All my money problems were solved, and within a month I cleared my student loans in one cheque.
A month later, when my contract was up, I asked for that missing $30/hour. They told me it would NEVER HAPPEN IN A MILLION YEARS. I told them to try, or else I’d rather sit at home eating bonbons and watching trash reality TV.
(I meant it this time without hyperventilating, I already paid my student loans and had a bit to spare, so I was fine, by my standards.)
They went to the client, and I got my rate.
When they called me back in shock to tell me the client agreed to raise my rate (and that I had a great poker face), I told them: So. How does it feel to know someone who makes $130/hour?
We are now on good terms – they know not to contact me unless there’s a contract with a decent rate because I am not a bottom feeder, and I absolutely delivered on that project the best I could. I worked so much overtime, I ended up making $90K in those 3 months they hired me.
Also, always negotiate. Unless it is truly a salary higher than all of your benchmarks and YOU KNOW it is a good rate, you should always negotiate.
If I was offered a contract at $150/hour I wouldn’t negotiate. It’s a good rate, and I’d take it in a heartbeat.
But I am never offered that! Usually they say: $90/hour. *sigh*
And that’s how I did it.
A lot of it has to do with context, luck, the environment, the market, my skills, and timing.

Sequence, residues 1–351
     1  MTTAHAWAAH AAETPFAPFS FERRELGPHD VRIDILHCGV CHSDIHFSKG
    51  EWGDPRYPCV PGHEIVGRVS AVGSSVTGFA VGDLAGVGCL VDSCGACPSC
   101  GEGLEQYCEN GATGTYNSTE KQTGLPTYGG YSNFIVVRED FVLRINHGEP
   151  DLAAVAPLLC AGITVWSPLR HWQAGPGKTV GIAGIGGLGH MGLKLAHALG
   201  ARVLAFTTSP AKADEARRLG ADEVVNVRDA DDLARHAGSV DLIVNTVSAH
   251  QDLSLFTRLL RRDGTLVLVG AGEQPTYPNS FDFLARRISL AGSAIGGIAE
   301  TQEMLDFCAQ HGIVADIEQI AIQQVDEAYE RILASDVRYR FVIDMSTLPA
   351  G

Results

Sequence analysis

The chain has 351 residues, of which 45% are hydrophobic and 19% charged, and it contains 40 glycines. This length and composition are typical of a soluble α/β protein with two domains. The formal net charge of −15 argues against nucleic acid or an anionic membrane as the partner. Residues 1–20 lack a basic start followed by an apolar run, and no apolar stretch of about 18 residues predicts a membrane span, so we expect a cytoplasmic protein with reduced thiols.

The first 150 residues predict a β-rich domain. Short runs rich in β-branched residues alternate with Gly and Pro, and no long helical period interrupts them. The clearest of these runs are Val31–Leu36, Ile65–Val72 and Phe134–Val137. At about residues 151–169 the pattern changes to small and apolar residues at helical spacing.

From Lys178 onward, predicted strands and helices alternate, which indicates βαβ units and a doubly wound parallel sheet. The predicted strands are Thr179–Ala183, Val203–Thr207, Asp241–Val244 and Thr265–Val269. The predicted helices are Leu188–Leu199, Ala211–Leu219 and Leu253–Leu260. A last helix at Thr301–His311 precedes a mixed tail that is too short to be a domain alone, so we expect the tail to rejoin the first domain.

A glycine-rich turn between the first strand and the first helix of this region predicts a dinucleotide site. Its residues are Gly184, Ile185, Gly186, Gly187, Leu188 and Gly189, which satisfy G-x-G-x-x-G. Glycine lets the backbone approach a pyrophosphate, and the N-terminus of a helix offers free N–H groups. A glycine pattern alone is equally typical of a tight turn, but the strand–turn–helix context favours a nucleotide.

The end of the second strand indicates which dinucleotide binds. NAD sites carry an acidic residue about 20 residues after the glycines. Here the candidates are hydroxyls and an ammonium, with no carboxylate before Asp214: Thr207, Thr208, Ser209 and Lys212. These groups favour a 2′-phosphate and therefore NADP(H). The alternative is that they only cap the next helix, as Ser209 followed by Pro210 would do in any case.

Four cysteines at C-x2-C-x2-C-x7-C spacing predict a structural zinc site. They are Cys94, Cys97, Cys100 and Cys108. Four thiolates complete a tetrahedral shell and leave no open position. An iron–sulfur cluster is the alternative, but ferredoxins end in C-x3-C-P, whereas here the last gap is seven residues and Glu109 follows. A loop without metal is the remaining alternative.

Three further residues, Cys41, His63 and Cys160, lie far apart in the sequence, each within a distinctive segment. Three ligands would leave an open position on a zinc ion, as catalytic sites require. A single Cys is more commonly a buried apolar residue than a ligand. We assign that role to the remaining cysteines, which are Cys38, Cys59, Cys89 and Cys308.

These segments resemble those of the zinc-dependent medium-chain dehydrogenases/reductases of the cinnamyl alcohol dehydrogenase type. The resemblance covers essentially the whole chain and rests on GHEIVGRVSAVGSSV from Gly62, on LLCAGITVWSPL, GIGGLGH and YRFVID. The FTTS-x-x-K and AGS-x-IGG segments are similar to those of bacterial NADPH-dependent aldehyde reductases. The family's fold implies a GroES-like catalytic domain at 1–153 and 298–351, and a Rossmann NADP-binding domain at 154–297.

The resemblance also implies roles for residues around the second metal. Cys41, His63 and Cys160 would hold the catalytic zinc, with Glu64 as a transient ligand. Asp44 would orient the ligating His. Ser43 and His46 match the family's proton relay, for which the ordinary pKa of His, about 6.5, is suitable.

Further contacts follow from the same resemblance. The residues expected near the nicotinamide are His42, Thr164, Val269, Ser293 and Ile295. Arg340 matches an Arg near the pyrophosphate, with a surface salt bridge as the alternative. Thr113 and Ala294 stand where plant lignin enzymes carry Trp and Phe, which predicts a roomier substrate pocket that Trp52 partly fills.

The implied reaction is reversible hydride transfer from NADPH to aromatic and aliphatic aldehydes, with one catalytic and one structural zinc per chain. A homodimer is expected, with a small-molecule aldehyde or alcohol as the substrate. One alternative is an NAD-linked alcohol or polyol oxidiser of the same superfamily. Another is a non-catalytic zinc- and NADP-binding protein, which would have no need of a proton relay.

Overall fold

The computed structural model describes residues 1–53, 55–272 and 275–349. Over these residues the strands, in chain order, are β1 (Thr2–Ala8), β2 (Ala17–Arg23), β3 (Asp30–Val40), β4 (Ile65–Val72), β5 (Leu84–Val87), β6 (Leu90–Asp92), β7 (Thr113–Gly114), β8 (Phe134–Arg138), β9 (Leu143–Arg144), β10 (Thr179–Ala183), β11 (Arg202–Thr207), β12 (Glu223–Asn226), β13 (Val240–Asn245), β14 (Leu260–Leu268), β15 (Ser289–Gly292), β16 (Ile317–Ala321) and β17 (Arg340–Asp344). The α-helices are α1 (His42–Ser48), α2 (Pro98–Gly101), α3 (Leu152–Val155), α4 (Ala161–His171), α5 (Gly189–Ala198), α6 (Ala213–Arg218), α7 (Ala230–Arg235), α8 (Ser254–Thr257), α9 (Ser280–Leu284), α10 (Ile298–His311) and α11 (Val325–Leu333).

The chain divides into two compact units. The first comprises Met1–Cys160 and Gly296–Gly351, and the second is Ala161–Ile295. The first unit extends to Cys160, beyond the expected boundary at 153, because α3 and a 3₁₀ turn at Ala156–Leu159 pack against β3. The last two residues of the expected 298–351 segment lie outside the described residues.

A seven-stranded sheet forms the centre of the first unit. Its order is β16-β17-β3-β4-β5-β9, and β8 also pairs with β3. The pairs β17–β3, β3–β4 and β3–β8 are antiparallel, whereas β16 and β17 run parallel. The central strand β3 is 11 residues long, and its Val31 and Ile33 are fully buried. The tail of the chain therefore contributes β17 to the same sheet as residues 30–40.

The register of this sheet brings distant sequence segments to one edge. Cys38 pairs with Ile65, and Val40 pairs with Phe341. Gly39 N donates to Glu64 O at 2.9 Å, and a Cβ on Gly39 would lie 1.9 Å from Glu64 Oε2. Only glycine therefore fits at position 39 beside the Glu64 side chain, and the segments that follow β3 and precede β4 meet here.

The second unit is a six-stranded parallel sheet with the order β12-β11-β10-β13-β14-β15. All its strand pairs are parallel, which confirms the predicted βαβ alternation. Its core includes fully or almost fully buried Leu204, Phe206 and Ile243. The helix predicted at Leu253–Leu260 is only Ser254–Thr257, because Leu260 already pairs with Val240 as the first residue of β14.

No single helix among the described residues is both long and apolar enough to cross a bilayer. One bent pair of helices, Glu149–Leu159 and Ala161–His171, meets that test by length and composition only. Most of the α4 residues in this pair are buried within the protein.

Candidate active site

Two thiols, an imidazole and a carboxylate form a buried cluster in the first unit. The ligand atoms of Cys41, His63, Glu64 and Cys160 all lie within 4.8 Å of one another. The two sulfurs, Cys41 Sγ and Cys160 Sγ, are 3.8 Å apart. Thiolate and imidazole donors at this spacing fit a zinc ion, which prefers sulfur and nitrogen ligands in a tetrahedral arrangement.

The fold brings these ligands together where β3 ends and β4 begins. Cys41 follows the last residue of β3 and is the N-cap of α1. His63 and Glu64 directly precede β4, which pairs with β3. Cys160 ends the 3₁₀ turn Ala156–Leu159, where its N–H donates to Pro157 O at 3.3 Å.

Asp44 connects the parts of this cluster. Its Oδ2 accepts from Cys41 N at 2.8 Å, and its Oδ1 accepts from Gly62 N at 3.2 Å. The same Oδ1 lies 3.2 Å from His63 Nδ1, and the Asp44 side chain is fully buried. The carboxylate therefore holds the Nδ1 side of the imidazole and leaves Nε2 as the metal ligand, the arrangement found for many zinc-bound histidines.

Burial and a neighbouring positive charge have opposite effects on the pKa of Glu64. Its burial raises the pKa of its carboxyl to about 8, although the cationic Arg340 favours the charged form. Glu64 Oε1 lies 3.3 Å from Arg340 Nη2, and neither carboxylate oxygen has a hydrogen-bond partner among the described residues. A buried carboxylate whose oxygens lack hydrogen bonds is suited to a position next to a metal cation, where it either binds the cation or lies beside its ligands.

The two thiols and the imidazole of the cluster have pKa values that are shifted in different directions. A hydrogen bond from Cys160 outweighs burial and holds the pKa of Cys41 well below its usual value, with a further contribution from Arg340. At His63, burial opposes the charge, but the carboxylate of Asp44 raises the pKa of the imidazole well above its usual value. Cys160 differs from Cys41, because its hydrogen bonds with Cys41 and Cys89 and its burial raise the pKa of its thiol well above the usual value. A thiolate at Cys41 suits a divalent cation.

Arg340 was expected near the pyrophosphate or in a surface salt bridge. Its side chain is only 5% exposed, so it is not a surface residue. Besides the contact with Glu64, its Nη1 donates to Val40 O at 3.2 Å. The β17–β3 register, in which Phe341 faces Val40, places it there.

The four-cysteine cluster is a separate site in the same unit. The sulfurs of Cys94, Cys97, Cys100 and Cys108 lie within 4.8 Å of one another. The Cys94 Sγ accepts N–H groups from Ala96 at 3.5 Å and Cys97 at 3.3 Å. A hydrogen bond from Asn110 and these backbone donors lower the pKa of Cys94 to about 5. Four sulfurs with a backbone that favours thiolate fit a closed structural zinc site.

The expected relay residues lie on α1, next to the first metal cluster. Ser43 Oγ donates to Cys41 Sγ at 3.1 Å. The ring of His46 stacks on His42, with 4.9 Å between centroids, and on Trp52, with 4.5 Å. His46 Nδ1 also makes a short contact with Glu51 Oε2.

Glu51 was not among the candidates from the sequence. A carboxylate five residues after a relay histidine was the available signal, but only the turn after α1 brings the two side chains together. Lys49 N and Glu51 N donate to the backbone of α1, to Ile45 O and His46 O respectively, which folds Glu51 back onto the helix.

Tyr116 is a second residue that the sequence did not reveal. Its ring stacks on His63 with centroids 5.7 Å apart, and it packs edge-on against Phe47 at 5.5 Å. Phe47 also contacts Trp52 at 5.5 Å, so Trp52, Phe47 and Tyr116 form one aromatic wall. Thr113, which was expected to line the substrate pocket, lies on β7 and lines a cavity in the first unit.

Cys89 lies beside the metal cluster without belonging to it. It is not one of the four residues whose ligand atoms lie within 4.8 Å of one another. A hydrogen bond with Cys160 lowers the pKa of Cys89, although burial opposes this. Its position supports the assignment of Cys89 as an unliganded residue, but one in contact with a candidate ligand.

It is why I say that what I do as a job, shouldn’t matter to you at all.
You cannot replicate what I did. Heck, I couldn’t replicate it if you asked me to try it again. Had I graduated in a recession like now, had I not taken the highest paying (random) job out of school… none of this would have happened.
It is impossible to recreate what I did exactly, but you can use the above observations to help you see where you can increase your own value on the market.
The real trick is not doing it the first time, but replicating it again and again. I didn’t get that rate again until some years later, but that’s the ebb and flow of freelancing. It all depends on the market.
Wow, I can’t believe that employer hassled you over tiny things like using a stamp to mail something. That’s ridiculous and I’m glad you rage quit! I graduated during a recession and didn’t have a job at first. I eventually landed an internship that turned into a full-time job. It was low-paying but that was/is the norm in that industry and I was grateful to have a job. I don’t think I would of had much negotiating power — but I didn’t even think to ask for more. It wasn’t until a few years later when I had a male friend who talked openly about negotiating and asking for raises that I realized how differently we had been socialized when it came to money and salaries. What was just part of his MO was something I had never thought to do. Now I always ask for more.